16 September 2020

Taylor’s Case Study: An End to Water Disruptions?

If we were given a penny for every time we were faced with water disruptions, we’d probably be able to earn a handsome figure by the end of the year.

With 1.2 mil consumers in Selangor and Kuala Lumpur alone, it’s common to see people frantically getting extra supply of water from tankers or filling up buckets for emergency use upon receiving news of water disruption, well, if it’s scheduled and if we get the message in time. And, let’s be honest, we all get annoyed and angry by it, scheduled or not

Water disruptions, or water cuts, can be caused by many factors like low water levels due to prolonged dry spells and pipe leakages. One reason that frequently recurs is water pollution due to illegal waste dumping by factories and honestly, it’s getting annoying.

The answer to this? Proper wastewater treatment.

The Conundrum of Proper Wastewater Treatment to Companies

Before we get into proper wastewater treatment, we need to understand what wastewater is and why this waste gets dumped into our waters in the first place. 

Wastewater refers to any liquid byproducts from households, hospitals, factories, and any other structure that uses water in its facilities. Typically, this wastewater is treated to ensure that it is safe to be discharged into the ocean and other large bodies of water. So you can imagine how much of a problem it would pose to the environment, wildlife, and even us, if wastewater isn’t treated before it gets thrown away.

According to Malaysia’s Environmental Quality Act 1974, discharge of toxic waste materials into the environment is strictly prohibited. Hence, the National Water Services Commission (SPAN) was set up to ensure proper wastewater treatment is done in accordance with the guidelines set so that the waste that is disposed of doesn’t pose any harm to the environment and the people. The government has even enforced specific laws and are currently looking to increase the severity of the penalties — really showing how serious this is.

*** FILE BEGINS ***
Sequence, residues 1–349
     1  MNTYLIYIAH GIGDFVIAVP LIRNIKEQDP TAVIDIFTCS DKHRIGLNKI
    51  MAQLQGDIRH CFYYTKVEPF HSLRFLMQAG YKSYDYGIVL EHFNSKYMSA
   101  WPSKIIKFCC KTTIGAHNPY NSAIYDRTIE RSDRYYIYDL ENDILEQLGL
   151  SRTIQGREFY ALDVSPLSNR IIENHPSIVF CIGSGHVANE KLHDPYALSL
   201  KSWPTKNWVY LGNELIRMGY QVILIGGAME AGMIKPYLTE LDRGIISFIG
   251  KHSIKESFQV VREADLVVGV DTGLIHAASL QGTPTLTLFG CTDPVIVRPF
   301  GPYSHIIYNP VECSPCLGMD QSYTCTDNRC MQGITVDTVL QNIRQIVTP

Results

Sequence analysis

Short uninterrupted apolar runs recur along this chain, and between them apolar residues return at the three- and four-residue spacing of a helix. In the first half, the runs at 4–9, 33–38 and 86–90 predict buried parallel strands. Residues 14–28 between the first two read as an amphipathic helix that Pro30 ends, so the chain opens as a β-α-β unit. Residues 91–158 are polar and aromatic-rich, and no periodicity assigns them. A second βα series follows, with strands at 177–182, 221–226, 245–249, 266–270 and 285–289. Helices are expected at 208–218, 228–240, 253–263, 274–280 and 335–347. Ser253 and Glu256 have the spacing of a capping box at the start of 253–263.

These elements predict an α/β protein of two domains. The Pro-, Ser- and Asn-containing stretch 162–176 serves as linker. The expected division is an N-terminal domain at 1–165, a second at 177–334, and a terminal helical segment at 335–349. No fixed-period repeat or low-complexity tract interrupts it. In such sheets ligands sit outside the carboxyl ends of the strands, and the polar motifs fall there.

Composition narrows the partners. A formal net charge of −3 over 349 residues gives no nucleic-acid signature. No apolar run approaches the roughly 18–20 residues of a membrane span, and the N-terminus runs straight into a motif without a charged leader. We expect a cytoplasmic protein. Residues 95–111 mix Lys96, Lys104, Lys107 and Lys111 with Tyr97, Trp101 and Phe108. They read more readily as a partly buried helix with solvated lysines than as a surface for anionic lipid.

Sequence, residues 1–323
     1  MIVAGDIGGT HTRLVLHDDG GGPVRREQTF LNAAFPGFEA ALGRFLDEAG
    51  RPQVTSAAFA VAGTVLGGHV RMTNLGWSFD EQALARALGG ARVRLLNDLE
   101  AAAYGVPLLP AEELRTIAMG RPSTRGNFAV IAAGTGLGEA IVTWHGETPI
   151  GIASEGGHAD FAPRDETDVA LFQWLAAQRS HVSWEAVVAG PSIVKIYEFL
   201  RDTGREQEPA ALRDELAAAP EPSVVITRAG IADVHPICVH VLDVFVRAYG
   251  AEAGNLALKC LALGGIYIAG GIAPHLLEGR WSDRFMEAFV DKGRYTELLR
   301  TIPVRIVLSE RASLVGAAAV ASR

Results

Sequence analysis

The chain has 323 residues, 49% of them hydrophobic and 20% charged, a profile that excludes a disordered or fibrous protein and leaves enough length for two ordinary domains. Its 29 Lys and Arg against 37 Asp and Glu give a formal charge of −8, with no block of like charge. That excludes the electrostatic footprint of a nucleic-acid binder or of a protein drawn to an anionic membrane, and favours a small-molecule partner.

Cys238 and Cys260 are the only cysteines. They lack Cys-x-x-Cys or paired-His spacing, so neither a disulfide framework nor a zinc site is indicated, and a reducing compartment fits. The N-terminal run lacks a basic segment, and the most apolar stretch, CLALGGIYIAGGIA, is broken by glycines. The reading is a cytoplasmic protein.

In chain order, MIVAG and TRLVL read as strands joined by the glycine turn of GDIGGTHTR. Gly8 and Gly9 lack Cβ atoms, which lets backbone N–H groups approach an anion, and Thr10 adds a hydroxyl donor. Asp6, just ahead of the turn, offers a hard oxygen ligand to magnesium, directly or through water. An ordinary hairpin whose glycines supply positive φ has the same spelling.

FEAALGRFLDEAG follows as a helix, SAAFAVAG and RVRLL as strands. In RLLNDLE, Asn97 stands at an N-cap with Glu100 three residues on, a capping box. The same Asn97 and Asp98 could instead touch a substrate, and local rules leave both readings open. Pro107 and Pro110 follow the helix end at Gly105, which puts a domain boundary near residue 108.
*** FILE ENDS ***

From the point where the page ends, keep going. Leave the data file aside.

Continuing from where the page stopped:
Despite it being mandatory for every manufacturing company that generates wastewater to have a treatment plant, the high cost of building something that doesn’t generate any profit for the company isn’t very appealing. Hence, they find alternative solutions like researching ways to reduce the investment cost as low as possible while still meeting the minimum specification of discharged water set by the Department of Environment

However, doing this requires a lot of expertise and will constantly be a work in progress. The high cost and work involved to cut costs may seem unattractive to many companies, resulting in the illegal dumping of waste into our water supply and oceans.

So is there a real win-win situation to this conundrum? Dr. Wan Yoke Kin, Senior Lecturer of the School of Computer Science & Engineering in the Faculty of Innovation & Technology at Taylor’s University, may have a possible solution.

Experience Not Gone to Waste

With an interest in chemistry ever since high school, Dr. Wan decided to study chemical engineering when choosing her degree with the idea that they would be similar.

Despite it being different from what she expected, she found it to be interesting and realised the importance once she entered the industry.